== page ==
A Flock Of Painted Lady Butterflies Flew 2,600 Miles Across The Atlantic Ocean To South America, Marking The First Transoceanic Flight Ever Recorded For An Insect Species

Colette - - illustrative purposes only, not the actual butterfly

On a beach in French Guiana, thousands of miles from their natural habitats, a flock of painted lady butterflies (Vanessa cardui) were spotted with tattered wings.

Some were fluttering about while others were sitting on the sand. An evolutionary biologist from the Botanical Institute of Barcelona named Gerard Talavera was the first to make the discovery back in 2013.

Scientists were baffled because the tiny orange, black, and white species are not normally found in South America, although they are common elsewhere around the world. So, how and why did the insects end up all the way in French Guiana?

After over a decade of investigations, researchers have concluded that the butterflies arrived in South America by journeying 2,600 miles across the Atlantic Ocean, a trek that did not consist of any breaks. It is the first time that a transoceanic flight has ever been recorded in an insect species.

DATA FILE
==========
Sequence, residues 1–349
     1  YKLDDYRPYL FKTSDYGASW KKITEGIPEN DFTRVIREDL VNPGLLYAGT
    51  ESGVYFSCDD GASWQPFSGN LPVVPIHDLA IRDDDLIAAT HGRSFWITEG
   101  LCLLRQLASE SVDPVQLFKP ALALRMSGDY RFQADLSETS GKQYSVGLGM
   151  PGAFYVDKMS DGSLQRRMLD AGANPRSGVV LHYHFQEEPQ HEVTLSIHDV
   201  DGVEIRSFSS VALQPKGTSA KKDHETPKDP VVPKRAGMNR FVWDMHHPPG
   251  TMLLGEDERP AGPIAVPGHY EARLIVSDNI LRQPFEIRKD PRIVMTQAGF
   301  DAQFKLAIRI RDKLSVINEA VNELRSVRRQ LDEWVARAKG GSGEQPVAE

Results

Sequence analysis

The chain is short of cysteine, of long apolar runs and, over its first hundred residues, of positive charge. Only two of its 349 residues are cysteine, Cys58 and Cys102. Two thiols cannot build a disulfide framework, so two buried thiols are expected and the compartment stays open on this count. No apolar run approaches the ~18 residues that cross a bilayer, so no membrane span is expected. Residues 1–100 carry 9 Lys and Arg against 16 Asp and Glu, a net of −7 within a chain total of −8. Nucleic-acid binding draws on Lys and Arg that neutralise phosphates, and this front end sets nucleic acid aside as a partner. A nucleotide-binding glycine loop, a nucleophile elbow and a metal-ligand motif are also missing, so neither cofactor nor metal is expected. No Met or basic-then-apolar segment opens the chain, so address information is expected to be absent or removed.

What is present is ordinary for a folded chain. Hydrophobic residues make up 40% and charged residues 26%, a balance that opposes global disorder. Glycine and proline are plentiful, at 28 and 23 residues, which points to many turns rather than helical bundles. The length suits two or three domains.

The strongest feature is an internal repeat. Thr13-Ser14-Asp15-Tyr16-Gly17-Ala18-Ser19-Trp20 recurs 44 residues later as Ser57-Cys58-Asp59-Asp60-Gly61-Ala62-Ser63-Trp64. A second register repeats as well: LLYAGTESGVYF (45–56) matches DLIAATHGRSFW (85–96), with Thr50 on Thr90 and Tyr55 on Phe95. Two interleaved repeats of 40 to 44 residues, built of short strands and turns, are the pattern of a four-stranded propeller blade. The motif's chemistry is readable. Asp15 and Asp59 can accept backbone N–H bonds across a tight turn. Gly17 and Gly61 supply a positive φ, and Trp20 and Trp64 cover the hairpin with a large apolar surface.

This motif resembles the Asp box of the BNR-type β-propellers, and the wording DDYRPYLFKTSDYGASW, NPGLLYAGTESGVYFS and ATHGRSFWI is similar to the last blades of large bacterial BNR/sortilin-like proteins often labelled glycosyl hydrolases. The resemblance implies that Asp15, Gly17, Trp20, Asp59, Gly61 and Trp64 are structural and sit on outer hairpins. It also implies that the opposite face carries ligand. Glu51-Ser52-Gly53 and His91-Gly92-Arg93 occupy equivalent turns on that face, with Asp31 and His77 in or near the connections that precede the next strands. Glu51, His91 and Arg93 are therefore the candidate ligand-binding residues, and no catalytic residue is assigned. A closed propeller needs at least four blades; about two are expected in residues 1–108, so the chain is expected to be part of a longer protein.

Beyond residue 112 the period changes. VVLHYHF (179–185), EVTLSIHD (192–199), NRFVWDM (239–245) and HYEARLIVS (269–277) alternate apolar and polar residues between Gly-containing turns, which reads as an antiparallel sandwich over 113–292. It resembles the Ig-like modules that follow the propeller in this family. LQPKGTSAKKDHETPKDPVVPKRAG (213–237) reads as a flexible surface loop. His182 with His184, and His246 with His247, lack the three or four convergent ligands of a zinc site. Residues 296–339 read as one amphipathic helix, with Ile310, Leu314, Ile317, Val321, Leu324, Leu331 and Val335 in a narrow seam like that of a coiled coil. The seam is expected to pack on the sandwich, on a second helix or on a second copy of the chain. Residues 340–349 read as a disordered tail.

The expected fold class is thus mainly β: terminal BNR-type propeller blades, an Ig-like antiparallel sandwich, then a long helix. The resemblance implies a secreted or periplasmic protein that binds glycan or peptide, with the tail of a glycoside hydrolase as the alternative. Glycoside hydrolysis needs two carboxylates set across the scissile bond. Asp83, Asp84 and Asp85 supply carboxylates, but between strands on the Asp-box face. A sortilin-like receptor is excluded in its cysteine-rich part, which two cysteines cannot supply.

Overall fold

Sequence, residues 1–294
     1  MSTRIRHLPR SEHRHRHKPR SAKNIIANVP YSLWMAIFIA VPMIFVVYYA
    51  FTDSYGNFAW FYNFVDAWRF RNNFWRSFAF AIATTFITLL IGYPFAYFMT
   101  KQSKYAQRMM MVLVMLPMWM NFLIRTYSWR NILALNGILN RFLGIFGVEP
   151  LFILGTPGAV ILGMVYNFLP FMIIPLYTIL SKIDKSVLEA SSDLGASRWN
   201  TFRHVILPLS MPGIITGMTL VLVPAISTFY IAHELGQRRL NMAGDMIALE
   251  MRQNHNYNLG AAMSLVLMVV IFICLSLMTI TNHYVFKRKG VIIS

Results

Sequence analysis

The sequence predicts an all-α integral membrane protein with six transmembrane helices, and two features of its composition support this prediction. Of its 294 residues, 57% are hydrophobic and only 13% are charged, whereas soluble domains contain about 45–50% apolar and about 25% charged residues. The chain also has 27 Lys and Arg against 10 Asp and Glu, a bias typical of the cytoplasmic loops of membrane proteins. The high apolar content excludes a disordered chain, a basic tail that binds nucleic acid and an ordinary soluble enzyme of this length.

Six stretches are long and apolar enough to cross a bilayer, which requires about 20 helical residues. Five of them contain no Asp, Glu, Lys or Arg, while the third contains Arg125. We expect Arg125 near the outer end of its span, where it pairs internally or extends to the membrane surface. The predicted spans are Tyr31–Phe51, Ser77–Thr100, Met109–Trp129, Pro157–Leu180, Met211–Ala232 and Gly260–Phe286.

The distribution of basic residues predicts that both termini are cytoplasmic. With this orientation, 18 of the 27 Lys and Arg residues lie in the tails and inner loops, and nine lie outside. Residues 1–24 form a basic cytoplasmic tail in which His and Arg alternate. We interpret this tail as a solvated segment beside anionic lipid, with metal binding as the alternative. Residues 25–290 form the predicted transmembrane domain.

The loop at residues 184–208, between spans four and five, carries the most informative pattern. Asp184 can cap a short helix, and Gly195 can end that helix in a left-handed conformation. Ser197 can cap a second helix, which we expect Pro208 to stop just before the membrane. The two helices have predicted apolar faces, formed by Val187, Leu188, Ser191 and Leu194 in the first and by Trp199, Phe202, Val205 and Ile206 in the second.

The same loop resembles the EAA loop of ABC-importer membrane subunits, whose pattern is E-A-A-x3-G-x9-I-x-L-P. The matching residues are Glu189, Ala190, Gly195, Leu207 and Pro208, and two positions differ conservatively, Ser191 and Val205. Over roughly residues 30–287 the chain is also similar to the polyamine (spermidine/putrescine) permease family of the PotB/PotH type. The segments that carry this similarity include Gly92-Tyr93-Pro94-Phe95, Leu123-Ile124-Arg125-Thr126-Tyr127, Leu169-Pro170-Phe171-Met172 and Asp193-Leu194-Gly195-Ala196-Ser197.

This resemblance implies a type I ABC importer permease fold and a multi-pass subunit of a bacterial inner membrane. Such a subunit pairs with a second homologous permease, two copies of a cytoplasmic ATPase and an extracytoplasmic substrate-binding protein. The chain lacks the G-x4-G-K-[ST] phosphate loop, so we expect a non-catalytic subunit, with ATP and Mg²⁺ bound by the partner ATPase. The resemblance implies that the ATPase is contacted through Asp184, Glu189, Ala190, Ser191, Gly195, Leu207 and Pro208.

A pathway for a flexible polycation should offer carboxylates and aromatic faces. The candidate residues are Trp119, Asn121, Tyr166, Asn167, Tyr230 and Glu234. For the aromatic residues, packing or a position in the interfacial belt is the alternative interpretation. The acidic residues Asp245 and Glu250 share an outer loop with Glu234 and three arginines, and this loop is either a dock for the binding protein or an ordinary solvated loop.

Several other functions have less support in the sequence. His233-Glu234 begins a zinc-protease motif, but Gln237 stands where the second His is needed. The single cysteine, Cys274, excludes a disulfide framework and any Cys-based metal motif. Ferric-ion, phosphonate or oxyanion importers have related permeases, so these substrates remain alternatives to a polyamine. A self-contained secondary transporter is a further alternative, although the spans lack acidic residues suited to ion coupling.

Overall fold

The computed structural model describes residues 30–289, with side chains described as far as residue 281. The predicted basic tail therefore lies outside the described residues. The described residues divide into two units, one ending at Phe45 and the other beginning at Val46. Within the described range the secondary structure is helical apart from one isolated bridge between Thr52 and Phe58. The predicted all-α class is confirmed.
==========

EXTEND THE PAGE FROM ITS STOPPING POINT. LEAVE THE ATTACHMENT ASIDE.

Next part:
“We tend to see butterflies as a symbol of the fragility of beauty, but science shows us that they can perform incredible feats,” Roger Vila, a co-author of the study and a researcher at the Institute of Evolutionary Biology in Barcelona, said. “There is still much to discover about their capabilities.”

Painted lady butterflies regularly migrate up to 9,000 miles from Europe to sub-Saharan Africa. However, they stop along the way to rest and replenish themselves. But in order to reach South America, they would’ve had to make the journey across the Atlantic Ocean in one go.

Insect migrations happen frequently, but they’re often difficult to track. Observations from amateur insect watchers and radar coverage are what scientists usually rely upon to study insect activity, but these methods are limited and do not always produce accurate results.

To figure out how the butterflies made it to French Guiana, the team of researchers looked at weather data from the weeks just before the butterflies’ arrival. They saw that the wind conditions were favorable, which likely helped the insects with their voyage from Africa to South America.

They also sequenced the butterflies’ genomes and learned that they were close relatives of populations in Europe and Africa.

Colette – – illustrative purposes only, not the actual butterfly

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